The global Arms Trade Treaty (ATT) enters into force on 24 December, marking a breakthrough for human rights after more than two decades of campaigning by Amnesty International and its NGO partners around the world.
For the first time, there is a treaty that explicitly embeds the human rights implications of each arms sale into every transfer.
Amnesty and its supporters have lobbied and campaigned relentlessly for an ATT since the mid-1990s. As the first-ever legally binding treaty of its kind, it will block the flow of arms to governments that would use them to commit atrocities.
The ATT includes a number of robust rules to stop the transfer of arms to countries when it is known they would be used for genocide, crimes against humanity, war crimes or serious violations of human rights law. Governments that are part of the ATT will now have to carry out objective assessments to avoid an overriding risk that an arms export would be used to commit those atrocities.
Five of the top 10 arms exporters – the UK, France, Germany, Italy and Spain – are among the 60 states around the world to have already ratified the ATT. With the law now in place, Amnesty is urging the UK to stand by this legally binding commitment to stop sending weapons to places where they are being used to fuel atrocities.
Amnesty International UK Director Kate Allen said:
“The UK has long been a frontrunner in championing the Arms Trade Treaty. Now though, it’s time for its actions to mirror its promises. The UK must stop granting arms export licences to countries where weapons are likely to be used to commit abuses. For example, last year the UK sold £6.3m of arms to Israel. We know that historically equipment supplied by the UK has been used by the Israeli military to commit human rights violations in Gaza. With the Arms Trade Treaty in place, dubious deals like these must be consigned to history.”
The USA, the world’s largest arms producer and exporter, is among the 70 states that have signed but not yet ratified the treaty. Other major arms producers including China, Canada and Russia have resisted signing or ratifying the treaty.
At least half a million people die every year on average and millions more are maimed, sexually assaulted and forced to flee from their homes as a result of the poorly regulated global trade in weapons and munitions. The arms trade is shrouded in secrecy, but the recorded value of international transfers is approaching £64 ($100) billion annually.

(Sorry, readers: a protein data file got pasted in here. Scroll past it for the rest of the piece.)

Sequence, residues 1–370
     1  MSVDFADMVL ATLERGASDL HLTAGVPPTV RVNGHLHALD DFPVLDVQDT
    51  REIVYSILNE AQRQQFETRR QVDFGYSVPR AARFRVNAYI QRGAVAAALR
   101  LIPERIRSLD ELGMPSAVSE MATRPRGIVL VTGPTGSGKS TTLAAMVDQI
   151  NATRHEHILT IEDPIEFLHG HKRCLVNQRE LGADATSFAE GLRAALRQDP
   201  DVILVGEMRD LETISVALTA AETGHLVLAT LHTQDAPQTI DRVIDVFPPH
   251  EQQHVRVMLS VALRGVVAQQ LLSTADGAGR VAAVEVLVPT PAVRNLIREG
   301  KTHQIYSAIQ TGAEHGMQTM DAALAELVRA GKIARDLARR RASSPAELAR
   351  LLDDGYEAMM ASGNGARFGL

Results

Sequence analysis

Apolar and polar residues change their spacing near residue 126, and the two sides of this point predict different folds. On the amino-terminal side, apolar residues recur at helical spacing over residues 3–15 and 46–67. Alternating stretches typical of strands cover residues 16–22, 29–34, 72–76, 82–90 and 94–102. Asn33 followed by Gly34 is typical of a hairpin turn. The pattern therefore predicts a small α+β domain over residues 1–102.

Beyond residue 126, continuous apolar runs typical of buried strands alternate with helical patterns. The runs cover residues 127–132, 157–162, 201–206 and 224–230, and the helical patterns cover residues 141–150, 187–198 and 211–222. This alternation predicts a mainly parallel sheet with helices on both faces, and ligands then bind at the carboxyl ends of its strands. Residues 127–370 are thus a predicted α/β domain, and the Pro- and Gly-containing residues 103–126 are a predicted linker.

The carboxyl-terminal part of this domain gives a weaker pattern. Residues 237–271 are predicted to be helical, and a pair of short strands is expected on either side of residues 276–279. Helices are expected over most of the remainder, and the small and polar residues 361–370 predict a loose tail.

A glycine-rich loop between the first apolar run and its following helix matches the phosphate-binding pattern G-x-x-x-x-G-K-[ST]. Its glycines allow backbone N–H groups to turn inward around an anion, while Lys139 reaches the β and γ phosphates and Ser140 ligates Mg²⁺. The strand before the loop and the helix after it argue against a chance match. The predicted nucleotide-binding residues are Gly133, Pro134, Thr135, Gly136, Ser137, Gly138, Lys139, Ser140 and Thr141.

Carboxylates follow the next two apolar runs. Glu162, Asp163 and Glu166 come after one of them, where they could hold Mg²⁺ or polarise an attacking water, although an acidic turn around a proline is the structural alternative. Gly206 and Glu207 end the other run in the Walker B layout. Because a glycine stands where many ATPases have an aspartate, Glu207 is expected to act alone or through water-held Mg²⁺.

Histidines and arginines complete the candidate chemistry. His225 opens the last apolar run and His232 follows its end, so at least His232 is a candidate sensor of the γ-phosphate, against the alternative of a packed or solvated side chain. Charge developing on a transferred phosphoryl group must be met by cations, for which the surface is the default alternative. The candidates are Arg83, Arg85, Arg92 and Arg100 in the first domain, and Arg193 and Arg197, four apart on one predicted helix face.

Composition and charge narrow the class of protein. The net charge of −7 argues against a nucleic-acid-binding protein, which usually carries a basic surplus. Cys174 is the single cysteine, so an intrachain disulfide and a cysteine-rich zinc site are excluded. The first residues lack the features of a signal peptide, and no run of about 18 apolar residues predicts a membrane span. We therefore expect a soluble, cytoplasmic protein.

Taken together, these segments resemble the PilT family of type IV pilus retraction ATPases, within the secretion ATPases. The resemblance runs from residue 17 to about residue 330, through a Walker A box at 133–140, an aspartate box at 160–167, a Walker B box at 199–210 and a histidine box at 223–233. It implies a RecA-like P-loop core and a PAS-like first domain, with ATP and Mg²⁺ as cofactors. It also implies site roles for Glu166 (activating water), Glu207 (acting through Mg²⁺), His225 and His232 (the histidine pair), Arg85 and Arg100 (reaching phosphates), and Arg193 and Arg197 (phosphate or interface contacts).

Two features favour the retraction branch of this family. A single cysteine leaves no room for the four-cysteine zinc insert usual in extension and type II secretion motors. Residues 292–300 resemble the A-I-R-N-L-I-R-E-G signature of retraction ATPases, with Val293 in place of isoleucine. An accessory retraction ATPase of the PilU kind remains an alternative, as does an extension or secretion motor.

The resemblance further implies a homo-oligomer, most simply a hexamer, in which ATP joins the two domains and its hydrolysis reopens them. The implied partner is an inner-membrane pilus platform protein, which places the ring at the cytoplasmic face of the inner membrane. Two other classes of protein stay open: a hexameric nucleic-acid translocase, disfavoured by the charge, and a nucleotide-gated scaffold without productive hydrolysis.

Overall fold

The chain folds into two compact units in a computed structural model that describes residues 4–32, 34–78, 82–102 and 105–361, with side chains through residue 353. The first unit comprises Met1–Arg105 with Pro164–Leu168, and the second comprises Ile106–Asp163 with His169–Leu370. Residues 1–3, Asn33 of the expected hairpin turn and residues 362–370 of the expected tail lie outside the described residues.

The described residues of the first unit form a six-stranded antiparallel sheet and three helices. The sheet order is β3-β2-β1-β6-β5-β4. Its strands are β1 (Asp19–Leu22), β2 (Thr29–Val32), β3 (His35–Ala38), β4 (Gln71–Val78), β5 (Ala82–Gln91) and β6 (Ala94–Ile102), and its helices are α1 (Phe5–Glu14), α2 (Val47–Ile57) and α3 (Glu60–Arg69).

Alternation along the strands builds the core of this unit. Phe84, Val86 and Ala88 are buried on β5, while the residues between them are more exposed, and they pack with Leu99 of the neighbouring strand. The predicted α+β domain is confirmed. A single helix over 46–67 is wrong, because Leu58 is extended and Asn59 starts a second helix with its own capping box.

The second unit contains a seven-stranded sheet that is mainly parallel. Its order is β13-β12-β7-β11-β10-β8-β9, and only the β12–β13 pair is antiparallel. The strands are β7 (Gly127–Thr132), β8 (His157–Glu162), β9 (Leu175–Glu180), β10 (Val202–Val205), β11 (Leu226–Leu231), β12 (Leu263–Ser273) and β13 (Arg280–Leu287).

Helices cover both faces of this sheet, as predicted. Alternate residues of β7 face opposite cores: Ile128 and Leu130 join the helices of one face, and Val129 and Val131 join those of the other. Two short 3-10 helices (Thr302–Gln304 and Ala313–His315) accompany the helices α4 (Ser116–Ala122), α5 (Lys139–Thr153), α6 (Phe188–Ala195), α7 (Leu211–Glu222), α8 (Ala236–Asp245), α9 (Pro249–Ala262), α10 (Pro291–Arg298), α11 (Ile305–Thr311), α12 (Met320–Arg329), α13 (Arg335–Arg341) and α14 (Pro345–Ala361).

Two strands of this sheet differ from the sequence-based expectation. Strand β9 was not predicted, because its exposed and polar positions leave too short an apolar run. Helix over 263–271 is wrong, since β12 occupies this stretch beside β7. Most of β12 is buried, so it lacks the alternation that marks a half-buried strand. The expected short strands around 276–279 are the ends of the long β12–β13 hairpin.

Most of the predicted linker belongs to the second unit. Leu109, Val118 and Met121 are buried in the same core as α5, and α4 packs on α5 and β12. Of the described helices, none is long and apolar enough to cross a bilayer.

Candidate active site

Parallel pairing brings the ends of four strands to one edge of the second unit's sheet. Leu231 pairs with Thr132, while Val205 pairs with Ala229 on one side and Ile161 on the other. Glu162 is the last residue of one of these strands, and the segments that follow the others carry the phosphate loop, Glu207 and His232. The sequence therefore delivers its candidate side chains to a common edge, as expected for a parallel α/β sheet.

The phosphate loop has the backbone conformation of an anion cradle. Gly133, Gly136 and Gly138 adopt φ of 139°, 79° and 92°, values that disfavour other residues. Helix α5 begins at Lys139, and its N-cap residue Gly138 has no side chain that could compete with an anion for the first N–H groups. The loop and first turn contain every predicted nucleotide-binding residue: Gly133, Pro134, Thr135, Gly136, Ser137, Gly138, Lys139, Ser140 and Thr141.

Amnesty International’s Secretary General Salil Shetty said:
“This achievement is a truly historic breakthrough. It shows what is possible when human rights campaigners dig in for the long haul and work relentlessly to turn a good idea into a lifesaving reality around the world.
“The work does not stop here. We will not rest on our laurels. While the Arms Trade Treaty sets key ground rules for the global arms trade, it is not a panacea. It will require even more widespread support and pressure to ensure states strictly adhere to its principles.
“There must be a clear commitment by states that this will not be business as usual. People around the world have suffered enough because of the reckless arms trade. Governments owe it to them to back up their commitment with action.”
Since the early 1990s Amnesty has campaigned with NGO partners to achieve robust, legally binding, global rules on international arms transfers to stem the flow of conventional arms and munitions that fuel atrocities and human rights abuses. More than a million people around the world joined the campaign, calling on governments to agree a strong ATT.
On 2 April 2013, a total of 155 states voted in the UN General Assembly to adopt the ATT. Before it could enter into force, 50 states had to ratify the treaty, bringing it into their national law. This happened on 25 September 2014 – a very swift turnaround for a UN treaty.
Amnesty has continued to document and expose irresponsible arms transfers that facilitate grave abuses.
This includes: planned shipments of arms from the USA to Iraq, where Amnesty has documented serious human rights abuses being committed in recent months; a massive Chinese shipment of arms and ammunition to conflict-ridden South Sudan, where Amnesty International has documented war crimes and crimes against humanity; along with a range of countries supplying small arms and light weapons to Honduras, a country which according to UN statistics, has the highest homicide rate in the world.